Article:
whereis - locate the binary, source, and manual page files for a command
whereis [options] [-BMS directory... -f] name...
whereis locates the binary, source and manual files for the specified command names. The supplied names are first stripped of leading pathname components and any (single) trailing extension of the form .ext (for example: .c) Prefixes of s. resulting from use of source code control are also dealt with. whereis then attempts to locate the desired program in the standard Linux places, and in the places specified by $PATH and $MANPATH.
The search restrictions (options -b, -m and -s) are cumulative and apply to the subsequent name patterns on the command line. Any new search restriction resets the search mask. For example,
whereis -bm ls tr -m gcc
The options -B, -M and -S reset search paths for the subsequent name patterns. For example,
whereis -m ls -M /usr/share/man/man1 -f cal
- Search for binaries.
- Search for manuals.
- Search for sources.
- Only show the command names that have unusual entries. A command is said to be unusual if it does not have just one entry of each explicitly requested type. Thus 'whereis -m -u *' asks for those files in the current directory which have no documentation file, or more than one.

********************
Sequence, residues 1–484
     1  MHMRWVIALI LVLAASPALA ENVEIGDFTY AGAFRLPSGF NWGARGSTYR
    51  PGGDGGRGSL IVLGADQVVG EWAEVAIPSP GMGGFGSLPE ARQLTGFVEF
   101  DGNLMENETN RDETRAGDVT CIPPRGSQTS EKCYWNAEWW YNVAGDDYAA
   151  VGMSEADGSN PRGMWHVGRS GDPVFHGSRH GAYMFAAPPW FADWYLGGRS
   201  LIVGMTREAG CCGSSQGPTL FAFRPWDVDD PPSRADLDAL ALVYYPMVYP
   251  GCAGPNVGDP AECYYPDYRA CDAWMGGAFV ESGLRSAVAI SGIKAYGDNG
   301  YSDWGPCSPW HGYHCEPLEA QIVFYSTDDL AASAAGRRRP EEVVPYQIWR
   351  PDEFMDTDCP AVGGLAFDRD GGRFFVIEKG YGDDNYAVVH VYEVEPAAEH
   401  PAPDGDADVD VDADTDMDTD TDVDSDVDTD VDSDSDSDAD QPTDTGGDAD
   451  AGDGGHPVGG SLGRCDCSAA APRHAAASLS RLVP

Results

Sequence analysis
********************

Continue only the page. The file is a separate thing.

- -B list
- Limit the places where whereis searches for binaries, by a whitespace-separated list of directories.
- -M list
- Limit the places where whereis searches for manuals and documentation in Info format, by a whitespace-separated list of directories.
- -S list
- Limit the places where whereis searches for sources, by a whitespace-separated list of directories.
- Terminates the directory list and signals the start of filenames. It must be used when any of the -B, -M, or -S options is used.
- Output the list of effective lookup paths that whereis is using. When none of -B, -M, or -S is specified, the option will output the hard-coded paths that the command was able to find on the system.
FILE SEARCH PATHS¶
By default whereis tries to find files from hard-coded paths, which are defined with glob patterns. The command attempts to use the contents of $PATH and $MANPATH environment variables as default search path. The easiest way to know what paths are in use is to add the -l listing option. Effects of the -B, -M, and -S are displayed with -l.
- enables debug output.
To find all files in /usr/bin which are not documented in /usr/man/man1 or have no source in /usr/src:
- cd /usr/bin
whereis -u -ms -M /usr/man/man1 -S /usr/src -f *
The whereis command is part of the util-linux package and is available from Linux Kernel Archive.